AUGUSTA — The toilets behind David Labbe’s home on the city’s east side were snow-filled last week, icicles hanging from their tanks.
Mad over Augusta officials’ decision to reject a zoning change that would have enabled a Dunkin’ Donuts developer to buy his 1 Davenport St. property, Labbe, a plumber, got national headlines earlier this year by putting commodes behind his home to protest his neighbors’ opposition to the plan.
The Kennebec Journal broke his story in October: Then, Labbe had a sign alongside five toilets saying he wanted between 60 and 70 more.
In an interview then, he told a reporter he thought he could put 100 toilets on a strip of land behind his home, which he would eventually back with a fence that would shield the toilets from view while inside his home, leaving them visible along Crooker Street.
Near year’s end, Labbe has fulfilled only part of his vision.
He built the fence, but he’s thin on toilets and says he isn’t seeking more for now. On Monday morning, he had 28 toilets out there, taking up the majority of space behind an unpainted wooden fence.
Labbe said in October that he doesn’t like living in his neighborhood. Because registered sex offenders live around him, he said his kids, ages 10 and 13, aren’t allowed to play outside unsupervised.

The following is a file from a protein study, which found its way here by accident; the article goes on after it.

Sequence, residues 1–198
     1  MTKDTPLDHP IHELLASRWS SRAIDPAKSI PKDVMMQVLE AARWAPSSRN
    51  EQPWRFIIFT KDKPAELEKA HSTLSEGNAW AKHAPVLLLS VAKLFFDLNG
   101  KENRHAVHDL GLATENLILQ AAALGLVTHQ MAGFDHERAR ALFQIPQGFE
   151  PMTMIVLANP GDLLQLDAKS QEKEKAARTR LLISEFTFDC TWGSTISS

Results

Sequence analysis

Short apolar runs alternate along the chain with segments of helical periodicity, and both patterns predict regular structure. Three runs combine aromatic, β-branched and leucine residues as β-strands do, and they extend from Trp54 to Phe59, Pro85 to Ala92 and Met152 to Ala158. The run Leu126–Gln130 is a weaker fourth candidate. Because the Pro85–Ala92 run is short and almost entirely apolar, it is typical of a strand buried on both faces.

He added that his plumbing work has dipped in the past few years in the down economy. He said he has never completely sided the home because he can’t afford to and property taxes in Augusta are too high.
That’s why he said the offer made on his home by the Dunkin’ Donuts developer, Massachusetts-based Cafua Management Co., was so attractive. He said the company offered him three times what he paid for the property, but wouldn’t disclose the price. However, city records show he and his wife bought it in 1999 for $62,000.
But the deal was scuttled in October, when the Augusta City Council unanimously voted to reject the zoning change Cafua would have needed to build the restaurant. They would also have acquired the vacant ex-service station building between Labbe’s house and Stone Street to build a drive-thru Dunkin’ Donuts.
Neighbors came to city meetings in full force to oppose the change, saying it would have pushed back a residential neighborhood inappropriately. When the Kennebec Journal canvassed the neighborhood by phone and foot in October, all neighbors opposed the plan and called Labbe’s response juvenile.
In October, Labbe said he thought the city rejected the plan so swiftly because the mayor, William Stokes, and William Bridgeo, the city manager, both live on nearby Fairview Avenue. Stokes rejected that assertion, saying nobody in the neighborhood but Labbe wanted it.
While Labbe didn’t get any help before the city council, he said many people agreed with him.
The way he accumulated the toilets is simple: “People started dropping them off,” he said in a recent interview.
“Everyone around town said the same thing: If the mayor and city manager weren’t living in the neighborhood, it would have gone through.”